The Associated Press is reporting that a Native tribe that lives along the Klamath River in Northern California is collaborating with the U.S. Fish and Wildlife Service to restore California condors to Humboldt County.
The Yurok Tribe, California's most populous Indian nation based in the 85-square-mile Yurok Indian Reservation along the lower 44 miles of the Klamath River, has reached an agreement with USFWS to release captive-raised condors in as-yet undetermined locations in the wild country south of the Klamath River.
The first release, likely to happen no sooner than 2015, will mean a sixth territory for the critically endangered bird, the subject of an intensive captive breeding program since the species' numbers fell below 30 individuals in the late 1980s.
Before the 19th Century, California condors ranged from Mexico to Canada along the Pacific Coast. The large scavengers, North America's largest land bird, proved particularly vulnerable to modern industrial society, suffering collision with and electrocution from power lines, toxicity from DDT and lead shot in their scavenged meals, as well as other more immediate health effects from lead shot in its high-velocity state: the birds were once a favorite target for random gunfire from hunters who should have known better.
According to AP, the Yurok Tribe has been surveying potential release sites for such environmental hazards, including testing turkey vulture carcasses for lead shot and assaying washed-up sea lions for DDT. As with other birds such as brown pelicans and bald eagles, California condors exposed to DDT laid eggs with shells too thin to support the weight of incubating adults, the result of the pesticide's interference with the birds' metabolism of the calcium needed for strong eggshells. Parents would attempt to sit on the eggs and crush the chicks inside.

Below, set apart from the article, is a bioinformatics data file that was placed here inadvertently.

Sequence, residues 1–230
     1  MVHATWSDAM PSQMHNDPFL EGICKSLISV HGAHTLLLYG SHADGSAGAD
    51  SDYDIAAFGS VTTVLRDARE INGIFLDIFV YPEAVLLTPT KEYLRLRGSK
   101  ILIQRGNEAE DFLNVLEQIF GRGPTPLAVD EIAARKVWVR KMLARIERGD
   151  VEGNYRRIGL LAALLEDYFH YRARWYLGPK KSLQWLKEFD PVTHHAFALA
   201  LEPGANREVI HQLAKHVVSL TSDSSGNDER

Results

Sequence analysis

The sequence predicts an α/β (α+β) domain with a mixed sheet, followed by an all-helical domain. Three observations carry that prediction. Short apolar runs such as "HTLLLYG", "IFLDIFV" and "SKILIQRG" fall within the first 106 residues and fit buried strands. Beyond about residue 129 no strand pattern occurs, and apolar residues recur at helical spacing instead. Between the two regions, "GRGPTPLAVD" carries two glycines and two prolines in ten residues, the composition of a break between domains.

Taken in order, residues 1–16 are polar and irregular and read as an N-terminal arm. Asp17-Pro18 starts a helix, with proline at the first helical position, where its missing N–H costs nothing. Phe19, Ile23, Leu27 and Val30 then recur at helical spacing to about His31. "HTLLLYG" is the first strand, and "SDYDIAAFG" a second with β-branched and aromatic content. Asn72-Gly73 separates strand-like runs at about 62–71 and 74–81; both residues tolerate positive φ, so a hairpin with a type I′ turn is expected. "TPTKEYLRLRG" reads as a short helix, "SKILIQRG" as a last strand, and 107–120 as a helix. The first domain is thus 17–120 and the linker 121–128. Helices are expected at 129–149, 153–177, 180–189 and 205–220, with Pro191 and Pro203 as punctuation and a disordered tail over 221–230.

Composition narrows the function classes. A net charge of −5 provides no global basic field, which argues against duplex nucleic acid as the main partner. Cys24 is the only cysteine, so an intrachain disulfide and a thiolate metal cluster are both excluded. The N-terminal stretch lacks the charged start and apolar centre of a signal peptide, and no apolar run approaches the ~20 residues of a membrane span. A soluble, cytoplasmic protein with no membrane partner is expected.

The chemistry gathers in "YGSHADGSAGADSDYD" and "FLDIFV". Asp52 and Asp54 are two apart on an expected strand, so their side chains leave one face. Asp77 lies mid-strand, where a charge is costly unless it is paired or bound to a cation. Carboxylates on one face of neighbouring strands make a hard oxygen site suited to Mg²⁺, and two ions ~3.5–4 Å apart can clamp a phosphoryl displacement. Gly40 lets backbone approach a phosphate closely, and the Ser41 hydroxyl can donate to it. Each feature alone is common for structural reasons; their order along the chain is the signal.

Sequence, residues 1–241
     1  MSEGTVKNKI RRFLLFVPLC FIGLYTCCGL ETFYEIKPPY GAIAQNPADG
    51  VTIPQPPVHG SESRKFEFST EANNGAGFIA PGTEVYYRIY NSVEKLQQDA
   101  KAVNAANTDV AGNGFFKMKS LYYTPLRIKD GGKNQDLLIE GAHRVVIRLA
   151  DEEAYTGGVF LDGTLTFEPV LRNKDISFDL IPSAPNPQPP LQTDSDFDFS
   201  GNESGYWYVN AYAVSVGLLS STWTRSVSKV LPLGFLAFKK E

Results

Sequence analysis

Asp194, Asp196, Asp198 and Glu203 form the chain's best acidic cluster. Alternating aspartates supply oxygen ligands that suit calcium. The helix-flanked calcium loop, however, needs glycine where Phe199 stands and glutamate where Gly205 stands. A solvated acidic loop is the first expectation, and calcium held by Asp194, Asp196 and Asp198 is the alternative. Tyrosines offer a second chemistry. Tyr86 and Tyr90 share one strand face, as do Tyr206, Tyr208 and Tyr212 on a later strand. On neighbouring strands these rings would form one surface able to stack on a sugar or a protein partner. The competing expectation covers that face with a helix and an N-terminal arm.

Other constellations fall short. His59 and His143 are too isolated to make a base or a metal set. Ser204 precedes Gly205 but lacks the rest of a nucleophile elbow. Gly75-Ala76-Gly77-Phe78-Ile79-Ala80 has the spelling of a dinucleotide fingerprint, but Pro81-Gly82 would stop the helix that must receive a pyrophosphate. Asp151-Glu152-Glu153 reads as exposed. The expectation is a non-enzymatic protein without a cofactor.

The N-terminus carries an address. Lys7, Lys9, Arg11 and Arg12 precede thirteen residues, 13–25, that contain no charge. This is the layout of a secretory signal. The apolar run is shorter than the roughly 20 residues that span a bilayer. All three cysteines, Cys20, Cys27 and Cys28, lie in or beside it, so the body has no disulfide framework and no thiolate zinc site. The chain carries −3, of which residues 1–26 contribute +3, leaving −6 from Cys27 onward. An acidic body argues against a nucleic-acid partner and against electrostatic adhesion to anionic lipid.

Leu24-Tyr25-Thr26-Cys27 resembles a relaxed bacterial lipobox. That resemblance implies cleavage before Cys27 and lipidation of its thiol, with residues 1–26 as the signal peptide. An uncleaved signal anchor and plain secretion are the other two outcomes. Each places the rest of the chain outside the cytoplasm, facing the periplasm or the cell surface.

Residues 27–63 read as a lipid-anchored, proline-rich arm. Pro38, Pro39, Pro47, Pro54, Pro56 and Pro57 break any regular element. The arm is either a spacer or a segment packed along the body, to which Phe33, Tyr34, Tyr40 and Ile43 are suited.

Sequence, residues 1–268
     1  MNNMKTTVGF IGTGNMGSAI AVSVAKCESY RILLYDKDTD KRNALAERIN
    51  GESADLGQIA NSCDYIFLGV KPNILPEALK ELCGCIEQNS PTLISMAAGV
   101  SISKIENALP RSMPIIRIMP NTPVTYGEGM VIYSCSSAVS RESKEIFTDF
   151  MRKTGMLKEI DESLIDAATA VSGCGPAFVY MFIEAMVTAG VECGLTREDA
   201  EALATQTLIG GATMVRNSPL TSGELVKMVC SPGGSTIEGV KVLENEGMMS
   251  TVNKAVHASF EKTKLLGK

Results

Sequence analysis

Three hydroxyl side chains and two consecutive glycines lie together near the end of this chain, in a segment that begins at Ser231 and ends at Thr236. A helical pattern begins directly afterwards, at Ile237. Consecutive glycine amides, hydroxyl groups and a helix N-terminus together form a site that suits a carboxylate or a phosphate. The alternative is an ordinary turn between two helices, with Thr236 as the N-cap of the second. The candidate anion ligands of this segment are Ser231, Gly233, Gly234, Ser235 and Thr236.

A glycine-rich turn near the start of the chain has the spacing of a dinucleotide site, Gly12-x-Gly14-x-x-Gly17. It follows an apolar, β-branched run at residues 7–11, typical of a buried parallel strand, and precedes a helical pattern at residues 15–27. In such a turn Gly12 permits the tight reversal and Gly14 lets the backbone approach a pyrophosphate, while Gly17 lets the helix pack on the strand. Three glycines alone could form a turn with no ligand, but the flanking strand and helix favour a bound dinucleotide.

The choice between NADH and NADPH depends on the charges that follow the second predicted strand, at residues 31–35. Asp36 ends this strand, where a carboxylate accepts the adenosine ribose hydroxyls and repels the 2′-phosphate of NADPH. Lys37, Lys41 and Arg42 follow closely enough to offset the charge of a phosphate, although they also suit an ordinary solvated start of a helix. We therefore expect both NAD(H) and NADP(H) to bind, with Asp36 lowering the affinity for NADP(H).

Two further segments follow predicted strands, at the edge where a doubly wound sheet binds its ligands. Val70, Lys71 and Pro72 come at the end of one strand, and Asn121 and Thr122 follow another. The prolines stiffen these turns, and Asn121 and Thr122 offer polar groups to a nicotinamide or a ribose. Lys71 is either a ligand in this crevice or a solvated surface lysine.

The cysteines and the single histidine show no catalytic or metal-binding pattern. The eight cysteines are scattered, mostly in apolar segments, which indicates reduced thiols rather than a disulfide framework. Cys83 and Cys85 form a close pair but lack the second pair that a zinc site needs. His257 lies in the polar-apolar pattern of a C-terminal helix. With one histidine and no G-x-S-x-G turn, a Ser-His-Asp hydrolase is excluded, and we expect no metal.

Since the USFWS' captive breeding program started releasing condors in 1991, the bird's wild population has grown tenfold from the bird's pre-breeding-program nadir, with 232 birds in the wild as of March. Wild populations have been established in the Tehachapi Mountains and nearby ranges, in Big Sur and the Pinnacles National Park, in the Grand Canyon area and in the Sierra de San Pedro Martir National Park in Baja California. A Yurok population would theoretically bolster the species' chances of survival by starting up a new population more than 400 miles removed from its nearest neighbor in Pinnacles.
That's assuming the new territory proves habitable to condors. In their other ranges, condors breed too slowly to sustain themselves and they still fall prey to hazards such as poisoning from lead shot in hunters' "gutpiles," despite a law passed last year in California banning lead shot. If USFWS' breeding program ceased new releases, the condors would almost certainly die out in the wild within a few years.
One hazard that may face North Coast condors went unmentioned in the AP piece: the threat from anticoagulant rat poisons increasingly used in large amounts by growers at illegal marijuana plantations in the northwestern corner of the state.
All that said, it would be hard to find better stewards of a proposed condor population than the Yurok, who signed a condor release agreement in March with USFWS, the National Park Service, California State Parks, and the Ventana Wildlife Society, a condor restoration group.
When wild condors flew above the Klamath river in years past, Yuroks held the birds in special regard as messengers to other planes, and prized their feathers for ceremonial use.
"Condors have been spiritually tied to Yurok ceremonies since the beginning of the world, " says an explanation of the condor program on the Tribe's website. "Its feathers are used and its songs are sung in the World Renewal ceremony where Yuroks pray and fast to balance the world."